Illnesses in Childhood May Raise Odds of Childlessness Later

By   |  December 19, 2023

By Ernie Mundell HealthDay Reporter  |  Copyright © 2023 HealthDay. All rights reserved.

TUESDAY, Dec. 19, 2023 (HealthDay News) -- Remaining childless throughout adult life might be tied, in some cases, to illnesses experienced in childhood, new research suggests.

Childlessness isn't just about fertility. As a University of Oxford news release on the study noted, "multiple social, economic and individual preferences have been studied" to understand why some adults never become parents. 

"Various factors are driving an increase in childlessness worldwide, with postponed parenthood being a significant contributor that potentially heightens the risk of involuntary childlessness," lead author Aoxing Liu explained in the news release.

Could certain childhood illnesses play a role? 

A team led by Liu -- a postdoctoral researcher at the University of Helsinki’s Institute for Molecular Medicine in Finland at the time of the study  -- sought to find out.  

Researchers pored over data on more than 2.5 million Finnish men and women born from 1956 through 1973. Most had finished their "reproductive years" by 2018.

Liu's group focused on about 71,500 pairs of full sisters and almost 78,000 pairs of full brothers, where one sibling was childless and the other had had one or more kids. 

The study found that 1 of every 4 men in the Finnish cohort were childless by 2018, compared 16.6% of the women. Education emerged as a prime factor in childlessness, with less-educated Finns less likely to have kids, according to the study.

But certain illnesses of childhood also appeared to raise the odds for adult childlessness. Looking over 414 early-life diagnoses, 74 were significantly linked to whether or not a child would grow up to become a childless adult.

About half were classed as "mental-behavioral" disorders, Liu's team said. But effects varied by sex -- for example, schizophrenia and a history of acute alcohol intoxication in childhood were more strongly associated with childlessness in men than women, the study found.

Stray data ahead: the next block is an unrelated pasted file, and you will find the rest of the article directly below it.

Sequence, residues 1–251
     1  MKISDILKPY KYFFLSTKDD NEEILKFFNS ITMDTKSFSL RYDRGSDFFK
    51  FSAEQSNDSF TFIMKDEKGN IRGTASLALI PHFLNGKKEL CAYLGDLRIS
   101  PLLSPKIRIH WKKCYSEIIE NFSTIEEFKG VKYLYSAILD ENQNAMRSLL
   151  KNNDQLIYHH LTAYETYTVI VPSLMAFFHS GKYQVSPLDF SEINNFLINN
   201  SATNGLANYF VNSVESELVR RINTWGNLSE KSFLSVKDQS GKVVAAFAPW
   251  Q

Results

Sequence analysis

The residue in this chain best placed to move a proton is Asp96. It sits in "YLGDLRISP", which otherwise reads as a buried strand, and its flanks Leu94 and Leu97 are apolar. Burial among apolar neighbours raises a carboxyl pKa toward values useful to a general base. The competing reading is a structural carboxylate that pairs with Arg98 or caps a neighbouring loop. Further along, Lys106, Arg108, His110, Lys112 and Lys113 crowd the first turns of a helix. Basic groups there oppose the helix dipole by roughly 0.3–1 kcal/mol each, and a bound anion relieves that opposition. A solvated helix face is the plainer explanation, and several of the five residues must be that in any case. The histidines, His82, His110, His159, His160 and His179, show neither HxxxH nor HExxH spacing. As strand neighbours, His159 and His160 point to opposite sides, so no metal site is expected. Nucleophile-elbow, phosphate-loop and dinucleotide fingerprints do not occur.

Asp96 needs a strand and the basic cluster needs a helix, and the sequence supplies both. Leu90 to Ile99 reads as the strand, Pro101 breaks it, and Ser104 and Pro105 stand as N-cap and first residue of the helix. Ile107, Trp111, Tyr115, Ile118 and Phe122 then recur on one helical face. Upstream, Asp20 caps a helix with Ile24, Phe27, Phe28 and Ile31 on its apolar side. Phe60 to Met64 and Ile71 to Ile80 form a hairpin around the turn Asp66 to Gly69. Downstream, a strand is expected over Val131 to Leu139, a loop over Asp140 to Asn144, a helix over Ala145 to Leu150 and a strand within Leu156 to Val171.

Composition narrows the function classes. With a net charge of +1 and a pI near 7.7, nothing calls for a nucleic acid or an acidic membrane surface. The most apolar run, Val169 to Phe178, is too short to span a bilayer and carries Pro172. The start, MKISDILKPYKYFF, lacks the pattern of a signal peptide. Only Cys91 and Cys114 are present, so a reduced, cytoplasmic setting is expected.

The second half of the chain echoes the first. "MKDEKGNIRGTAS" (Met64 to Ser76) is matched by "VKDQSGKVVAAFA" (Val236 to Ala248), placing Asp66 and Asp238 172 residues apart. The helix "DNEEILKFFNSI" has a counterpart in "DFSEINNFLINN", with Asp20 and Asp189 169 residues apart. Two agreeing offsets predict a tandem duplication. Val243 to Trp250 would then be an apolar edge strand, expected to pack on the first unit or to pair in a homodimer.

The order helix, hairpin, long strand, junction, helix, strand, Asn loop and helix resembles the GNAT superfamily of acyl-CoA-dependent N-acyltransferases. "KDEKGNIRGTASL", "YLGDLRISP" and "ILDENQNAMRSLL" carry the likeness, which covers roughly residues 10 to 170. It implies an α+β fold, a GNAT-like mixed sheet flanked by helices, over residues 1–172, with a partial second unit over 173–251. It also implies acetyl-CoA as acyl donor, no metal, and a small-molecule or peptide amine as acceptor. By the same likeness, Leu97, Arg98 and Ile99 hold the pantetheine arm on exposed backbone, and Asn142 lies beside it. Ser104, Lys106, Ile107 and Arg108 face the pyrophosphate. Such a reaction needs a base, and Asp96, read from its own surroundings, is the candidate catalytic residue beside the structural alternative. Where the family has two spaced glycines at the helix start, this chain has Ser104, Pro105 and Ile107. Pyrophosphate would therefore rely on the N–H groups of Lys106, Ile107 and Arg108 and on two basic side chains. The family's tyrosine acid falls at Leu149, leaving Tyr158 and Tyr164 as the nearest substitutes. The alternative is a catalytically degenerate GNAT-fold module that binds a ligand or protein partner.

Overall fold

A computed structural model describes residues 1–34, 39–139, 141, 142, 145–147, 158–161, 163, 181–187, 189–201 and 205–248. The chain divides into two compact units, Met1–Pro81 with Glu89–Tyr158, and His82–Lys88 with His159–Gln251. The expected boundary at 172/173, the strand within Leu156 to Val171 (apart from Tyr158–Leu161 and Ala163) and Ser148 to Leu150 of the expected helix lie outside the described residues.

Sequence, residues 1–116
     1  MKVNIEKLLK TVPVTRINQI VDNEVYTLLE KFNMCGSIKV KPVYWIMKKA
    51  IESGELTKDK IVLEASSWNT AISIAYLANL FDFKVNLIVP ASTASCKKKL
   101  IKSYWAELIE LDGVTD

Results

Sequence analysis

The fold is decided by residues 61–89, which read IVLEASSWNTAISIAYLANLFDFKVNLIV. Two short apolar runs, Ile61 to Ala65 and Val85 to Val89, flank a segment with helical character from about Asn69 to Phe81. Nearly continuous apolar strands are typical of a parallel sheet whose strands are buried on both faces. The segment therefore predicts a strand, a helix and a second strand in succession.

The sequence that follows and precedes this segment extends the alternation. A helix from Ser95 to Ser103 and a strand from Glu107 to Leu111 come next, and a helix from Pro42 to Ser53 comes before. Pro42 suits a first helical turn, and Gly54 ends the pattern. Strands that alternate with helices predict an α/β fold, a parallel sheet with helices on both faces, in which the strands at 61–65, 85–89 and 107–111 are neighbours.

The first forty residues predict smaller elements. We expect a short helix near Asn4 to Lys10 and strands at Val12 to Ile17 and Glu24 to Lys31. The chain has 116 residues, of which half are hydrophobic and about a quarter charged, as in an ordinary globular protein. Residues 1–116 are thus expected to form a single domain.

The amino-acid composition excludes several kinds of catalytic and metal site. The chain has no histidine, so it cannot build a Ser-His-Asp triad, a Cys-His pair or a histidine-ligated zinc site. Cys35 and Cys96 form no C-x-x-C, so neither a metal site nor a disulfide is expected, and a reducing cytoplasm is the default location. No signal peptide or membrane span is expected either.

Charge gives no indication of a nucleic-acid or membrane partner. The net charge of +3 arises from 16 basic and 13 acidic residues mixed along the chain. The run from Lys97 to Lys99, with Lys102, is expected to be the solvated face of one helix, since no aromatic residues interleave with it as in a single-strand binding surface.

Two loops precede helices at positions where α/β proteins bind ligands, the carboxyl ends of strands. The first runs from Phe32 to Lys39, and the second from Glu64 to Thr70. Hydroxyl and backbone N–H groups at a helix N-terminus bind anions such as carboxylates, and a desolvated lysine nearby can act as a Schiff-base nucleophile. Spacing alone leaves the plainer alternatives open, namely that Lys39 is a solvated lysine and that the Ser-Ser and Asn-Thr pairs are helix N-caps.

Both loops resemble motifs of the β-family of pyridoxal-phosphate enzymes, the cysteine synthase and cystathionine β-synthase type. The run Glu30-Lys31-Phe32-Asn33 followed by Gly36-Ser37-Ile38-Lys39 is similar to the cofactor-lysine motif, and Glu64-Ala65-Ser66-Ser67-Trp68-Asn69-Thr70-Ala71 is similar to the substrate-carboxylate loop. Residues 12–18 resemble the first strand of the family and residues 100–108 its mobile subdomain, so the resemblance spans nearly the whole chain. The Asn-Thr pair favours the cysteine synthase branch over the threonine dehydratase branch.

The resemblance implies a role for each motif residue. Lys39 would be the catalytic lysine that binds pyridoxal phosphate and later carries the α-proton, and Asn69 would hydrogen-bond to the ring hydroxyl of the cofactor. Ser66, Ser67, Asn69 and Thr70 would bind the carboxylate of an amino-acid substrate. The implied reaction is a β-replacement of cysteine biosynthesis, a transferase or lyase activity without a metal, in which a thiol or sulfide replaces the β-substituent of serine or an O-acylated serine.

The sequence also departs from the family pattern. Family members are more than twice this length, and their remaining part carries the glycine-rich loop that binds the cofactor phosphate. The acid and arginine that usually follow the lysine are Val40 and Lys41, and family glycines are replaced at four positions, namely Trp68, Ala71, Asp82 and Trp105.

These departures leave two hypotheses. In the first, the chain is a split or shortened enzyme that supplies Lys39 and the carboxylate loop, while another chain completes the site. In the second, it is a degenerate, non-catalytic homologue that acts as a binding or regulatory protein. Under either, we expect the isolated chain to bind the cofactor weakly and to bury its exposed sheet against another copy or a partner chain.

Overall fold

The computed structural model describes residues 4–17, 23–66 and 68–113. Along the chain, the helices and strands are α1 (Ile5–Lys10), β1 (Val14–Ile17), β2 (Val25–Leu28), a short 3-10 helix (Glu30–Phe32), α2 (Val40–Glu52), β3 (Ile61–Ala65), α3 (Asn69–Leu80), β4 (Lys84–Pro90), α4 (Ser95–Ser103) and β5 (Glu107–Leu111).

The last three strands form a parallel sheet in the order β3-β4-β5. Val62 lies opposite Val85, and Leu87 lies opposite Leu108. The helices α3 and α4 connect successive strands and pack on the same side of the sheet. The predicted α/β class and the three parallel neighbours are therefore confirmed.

Non-psychiatric illnesses or conditions of childhood also played a role in being childless later on. For women, obesity diagnosed in a girl's teen years, rather than later on, was associated with high odds of becoming childless. 

Diabetes-related diseases in childhood as well as birth defects had stronger associations for childlessness among women than men. 

Diagnoses of autoimmune and inflammatory diseases in early life appeared to up risks for childlessness generally.

What's the link? According to the news release, "the absence of a partner played a substantial role in the connection between diseases and childlessness, accounting for an estimated 29.3% in women and 37.9% in men." People who went through life without children were twice as likely to be single as those who had had kids, the study found.

And among people who were partnered, six different childhood illnesses in women, and 11 in men, appeared linked to being childless, the Finnish group found.

Senior author Andrea Ganna said the study "paves the way for a better understanding of how disease contributes to involuntary childlessness and the need for improved public health interventions." Ganna is group leader at the University of Helsinki’s Institute for Molecular Medicine in Finland. 

His team acknowledged that more data is needed to determine which people were childless by choice and which were involuntarily childless due to infertility or other life factors. 

The study was published Dec. 18 in Nature Human Behavior.

More information

The Institute for Family Studies has more about the rise of childlessness in America.

SOURCE: University of Oxford, news release, Dec. 18, 2023